York council: pantomime or democracy?

22 Jul 2013 @ 10.36 am
| Opinion
The York council chamber at Guildhall. Photograph: Allan Harris
The York council chamber at Guildhall. Photograph: Allan Harris

andy-dagorne-headshotIssues like ring road congestion and the ‘bedroom tax’ ignored, and no votes on a 1,000-signature petition? Things must change at our council meetings, argues Cllr Andy D’Agorne

Last year York celebrated 800 years of local democracy. City of York Council is custodian of this heritage as well as the built fabric that so many visitors come to experience. The sovereign meeting is full council, chaired by the current Lord Mayor presiding over the other 46 councillors and senior officers in attendance.

This meeting should be at the heart of our democratic process with key issues decided in a public arena where the electorate can witness democracy in action.

Instead it feels more like political pantomime.

As yet, despite agreement in principle we have yet to provide webcasting to open the proceedings up to wider public scrutiny. Arguments that faced MPs more than 20 years ago are only just being rehearsed in York!

Before the cameras are let in however it would make sense for us to achieve a more sensible balance in the limited use of time.

The July meeting illustrates the point well. Meetings must now finish at 10pm, three and a half hours after we started (fine) but motions now come at the end of the agenda. This meant that despite my unsuccessful attempt to move the vote more quickly on the previous item, the guillotine procedure was applied to all four motions and three Green amendments.

Effectively this meant that motions on congestion on the Outer Ring Road, consultation on the Local Plan, the ‘bedroom tax’ and Green Jobs were not even proposed and seconded but simply voted on without debate according to the party lines of the assembled councillors. That is not democracy!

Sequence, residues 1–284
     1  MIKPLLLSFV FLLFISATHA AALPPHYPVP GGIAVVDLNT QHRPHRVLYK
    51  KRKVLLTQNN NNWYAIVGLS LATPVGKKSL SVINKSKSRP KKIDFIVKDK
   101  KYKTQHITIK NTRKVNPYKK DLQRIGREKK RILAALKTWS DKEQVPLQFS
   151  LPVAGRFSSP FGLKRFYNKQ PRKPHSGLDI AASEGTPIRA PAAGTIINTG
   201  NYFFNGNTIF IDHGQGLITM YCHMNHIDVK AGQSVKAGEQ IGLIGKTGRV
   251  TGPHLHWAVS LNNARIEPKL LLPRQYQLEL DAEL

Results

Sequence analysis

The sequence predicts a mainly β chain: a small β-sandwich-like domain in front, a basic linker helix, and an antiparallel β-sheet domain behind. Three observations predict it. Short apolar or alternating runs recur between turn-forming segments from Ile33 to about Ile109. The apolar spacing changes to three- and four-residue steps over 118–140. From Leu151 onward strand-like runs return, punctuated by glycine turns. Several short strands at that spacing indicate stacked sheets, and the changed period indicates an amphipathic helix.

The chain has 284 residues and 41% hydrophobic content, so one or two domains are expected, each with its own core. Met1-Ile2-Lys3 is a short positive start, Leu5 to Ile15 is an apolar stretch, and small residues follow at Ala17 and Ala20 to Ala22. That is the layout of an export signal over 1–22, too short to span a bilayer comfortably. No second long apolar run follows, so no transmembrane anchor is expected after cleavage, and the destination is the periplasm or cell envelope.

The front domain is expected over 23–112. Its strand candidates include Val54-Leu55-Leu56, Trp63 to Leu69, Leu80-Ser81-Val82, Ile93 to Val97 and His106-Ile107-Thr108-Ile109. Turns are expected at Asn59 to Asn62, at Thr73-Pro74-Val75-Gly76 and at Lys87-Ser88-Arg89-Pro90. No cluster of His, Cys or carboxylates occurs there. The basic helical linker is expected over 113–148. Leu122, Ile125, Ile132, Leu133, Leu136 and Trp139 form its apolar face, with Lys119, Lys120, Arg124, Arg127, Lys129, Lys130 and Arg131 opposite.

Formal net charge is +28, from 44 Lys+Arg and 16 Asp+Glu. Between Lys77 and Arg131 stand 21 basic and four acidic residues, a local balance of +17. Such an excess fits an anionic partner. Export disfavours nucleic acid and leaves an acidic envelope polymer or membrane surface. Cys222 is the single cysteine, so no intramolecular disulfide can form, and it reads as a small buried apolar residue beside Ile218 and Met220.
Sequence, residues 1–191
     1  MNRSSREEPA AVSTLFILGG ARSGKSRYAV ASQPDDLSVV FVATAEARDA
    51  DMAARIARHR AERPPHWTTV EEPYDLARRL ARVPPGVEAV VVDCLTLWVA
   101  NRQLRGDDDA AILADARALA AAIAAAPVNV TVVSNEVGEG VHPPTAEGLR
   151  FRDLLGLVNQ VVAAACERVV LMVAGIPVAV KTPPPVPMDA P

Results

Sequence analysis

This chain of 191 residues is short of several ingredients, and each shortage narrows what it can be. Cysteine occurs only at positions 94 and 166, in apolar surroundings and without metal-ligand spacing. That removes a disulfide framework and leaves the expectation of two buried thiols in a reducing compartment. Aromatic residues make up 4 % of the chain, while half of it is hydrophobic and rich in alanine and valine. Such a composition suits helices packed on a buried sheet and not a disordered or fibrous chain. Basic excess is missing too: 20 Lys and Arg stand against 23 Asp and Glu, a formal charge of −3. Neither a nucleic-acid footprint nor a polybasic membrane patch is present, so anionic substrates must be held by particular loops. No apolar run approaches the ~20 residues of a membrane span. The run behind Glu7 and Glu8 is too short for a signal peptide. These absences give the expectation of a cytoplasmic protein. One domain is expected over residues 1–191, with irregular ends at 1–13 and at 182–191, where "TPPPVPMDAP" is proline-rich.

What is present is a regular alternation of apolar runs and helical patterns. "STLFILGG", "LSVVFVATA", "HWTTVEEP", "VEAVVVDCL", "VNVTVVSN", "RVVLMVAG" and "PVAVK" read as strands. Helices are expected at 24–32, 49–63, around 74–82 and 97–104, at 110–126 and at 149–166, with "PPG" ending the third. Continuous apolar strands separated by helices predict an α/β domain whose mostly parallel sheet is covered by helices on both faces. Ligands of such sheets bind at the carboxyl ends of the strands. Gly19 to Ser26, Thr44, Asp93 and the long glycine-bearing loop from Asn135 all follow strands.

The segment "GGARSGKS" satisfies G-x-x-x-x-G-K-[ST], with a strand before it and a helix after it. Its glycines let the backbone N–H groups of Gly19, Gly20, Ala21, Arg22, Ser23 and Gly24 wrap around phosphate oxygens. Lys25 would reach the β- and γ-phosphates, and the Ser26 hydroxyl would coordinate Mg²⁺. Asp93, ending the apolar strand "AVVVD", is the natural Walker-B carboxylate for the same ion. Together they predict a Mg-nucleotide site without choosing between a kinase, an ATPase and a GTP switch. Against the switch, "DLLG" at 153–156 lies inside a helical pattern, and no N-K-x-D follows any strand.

A petition of more than a 1,000 signatures generates a half hour debate, yet no provision for a vote on the issue! This meant time was wasted arguing whether or not to “suspend standing orders” to allow for a vote to conclude the discussion on daytime closure of Lendal Bridge to private vehicles.

So the 1,200 signatories were spared the opportunity to watch online and their representatives denied a vote on the issue.

Recent innovation in the form of electronic voting is still viewed with some suspicion. At the budget council meeting this year we had to use a show of hands to be sure it was working properly. The new Lord Mayor initially suggested we continue this practice, but as the meeting went on we just used the buttons, with the numbers for and against appearing on screens.

One would expect with webcasting that the system would include a display of councillors’ names together with ticks or crosses to show us and the public how each councillor voted on an item.

We need more time discipline, less time allowed for cabinet members to speak in support of a published written paper and more time reserved for individuals or opposition members to challenge, question and debate.

Motions could be less restricted, then prioritised by a secret ballot of all councillors rather than rationed according to the political make up of the council. Conduct whilst inevitably adversarial should retain respect for the individual and the opposite point of view.

Other councils manage it, after 800 years surely we can do better!

  • Footnote: York council group leaders met after this article was published to discuss ways to improve matters. Proposals will be coming forward by September on changes to the procedure in full council
  • Councillor Andy D’Agorne is leader of the Green Group on City of York Council